I have been visiting coastal Odisha for the past four years, earlier when we were preparing the National Cyclone Risk Mitigation Project (NCRMP) and subsequently during project implementation.
Every time the project team visited a village, the local community was always there to welcome us and talk about their experience during the 1999 cyclone, the community members they lost, the houses damaged, the devastation inflicted. This was an event that was firmly etched in their memories even 10 years later. Every site visit was followed by a small function wherein the local community mobilizing volunteers spoke about the preparedness work they were undertaking in collaboration with the Odisha State Disaster Management Authority (OSDMA) and local community organizations. Almost every single meeting ended in their spoken resolve “Never Again!”
I always wondered about these volunteer groups. The motivation levels were very high. But when the time came, would they be able to mobilize their communities and help evacuate them to safety?
Cyclone Phailin struck the coast of Odisha around Gopalpur on October 12. This category 4 cyclone, the size of Hurricane Katrina, bore down at wind speeds of over 200 km/hour. What havoc this cyclone would cause was anybody’s guess. Once the cyclone had passed, the country found out that only 38 people had died during the disaster event. This seemed almost miraculous.
And yet, this was no miracle. This was an effort of epic proportions in making sure the horrors of 1999 would not be revisited. The Chief Minister of the State of Odisha had right at the onset declared that the entire state government was working to make sure there would be zero casualties. Close to a million people were evacuated. Evacuating a million people means, you need to know where you will be housing them or sending them to safer locations inland. These decisions are not taken ad-hoc. This requires years of contingency planning, setting up protocols and having clearly laid out roles for everyone to follow right down to the community volunteer levels. In this whole set-up the role of the Indian Meteorological Department cannot be understated. Their predictions and tracking of the cyclone was accurate. Their 72+ hour lead-time helped the State get those extra hours in making sure their plans could be executed.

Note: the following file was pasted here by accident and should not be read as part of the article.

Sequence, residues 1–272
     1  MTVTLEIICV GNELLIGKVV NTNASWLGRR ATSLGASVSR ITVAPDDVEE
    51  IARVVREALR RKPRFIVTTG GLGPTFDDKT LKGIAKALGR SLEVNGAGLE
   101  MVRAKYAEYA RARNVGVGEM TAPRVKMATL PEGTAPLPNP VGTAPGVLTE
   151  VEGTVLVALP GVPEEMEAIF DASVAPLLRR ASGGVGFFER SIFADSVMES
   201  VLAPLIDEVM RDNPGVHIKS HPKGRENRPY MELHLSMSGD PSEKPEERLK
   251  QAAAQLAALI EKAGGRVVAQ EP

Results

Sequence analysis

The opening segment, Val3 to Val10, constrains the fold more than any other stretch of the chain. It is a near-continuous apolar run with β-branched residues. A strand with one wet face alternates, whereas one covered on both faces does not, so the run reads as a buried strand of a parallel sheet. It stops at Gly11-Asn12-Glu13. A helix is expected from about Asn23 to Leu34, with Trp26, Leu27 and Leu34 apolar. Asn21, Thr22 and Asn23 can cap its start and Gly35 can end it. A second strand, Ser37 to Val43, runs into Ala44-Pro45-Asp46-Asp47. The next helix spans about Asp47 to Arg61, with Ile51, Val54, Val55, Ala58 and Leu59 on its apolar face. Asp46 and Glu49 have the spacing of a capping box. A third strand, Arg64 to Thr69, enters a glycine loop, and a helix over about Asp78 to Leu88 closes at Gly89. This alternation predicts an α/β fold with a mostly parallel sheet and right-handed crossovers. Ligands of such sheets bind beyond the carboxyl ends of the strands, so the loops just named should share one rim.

The state over the past decade has been investing in building cyclone shelters and strengthening other coastal infrastructure. The World Bank following the 1999 cyclone had supported the construction of some cyclone shelters. In 2010, NCRMP, the first “ex-ante”: purely focusing on disaster risk reduction, project was launched. Under NCRMP an additional 285 cyclone shelters are being built (150 in Odisha and 135 in Andhra Pradesh), more than 1000 kilometers of evacuation roads and 23 bridges to enhance connectivity and evacuations are being constructed, around 200 km of existing coastal/saline embankments are being strengthened and a new early warning system that will help disseminate warnings down to the “last-mile” community level is being set-up in Odisha and Andhra Pradesh. Cyclone shelters under the project are being constructed as multi-purpose buildings to be used as schools or community centers during regular time to ensure that the building is in working condition when needed in an emergency period. Each shelter will also have a community shelter committee to manage the maintenance of the buildings.
Odisha and its coastal communities delivered on their resolve of “Never Again!” As part of the NCRMP project team we feel proud to be able to support and strengthen this resolve.
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